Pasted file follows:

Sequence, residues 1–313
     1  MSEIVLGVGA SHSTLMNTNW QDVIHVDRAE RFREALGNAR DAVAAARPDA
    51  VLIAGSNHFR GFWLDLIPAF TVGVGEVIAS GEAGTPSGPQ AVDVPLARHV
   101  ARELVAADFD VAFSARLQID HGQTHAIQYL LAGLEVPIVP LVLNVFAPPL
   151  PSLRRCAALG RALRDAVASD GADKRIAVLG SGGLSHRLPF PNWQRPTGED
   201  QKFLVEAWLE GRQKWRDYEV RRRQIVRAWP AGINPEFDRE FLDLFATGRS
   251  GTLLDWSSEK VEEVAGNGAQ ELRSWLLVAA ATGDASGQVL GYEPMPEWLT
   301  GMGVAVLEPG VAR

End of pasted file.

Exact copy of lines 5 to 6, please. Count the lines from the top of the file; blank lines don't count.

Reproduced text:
   151  PSLRRCAALG RALRDAVASD GADKRIAVLG SGGLSHRLPF PNWQRPTGED
   201  QKFLVEAWLE GRQKWRDYEV RRRQIVRAWP AGINPEFDRE FLDLFATGRS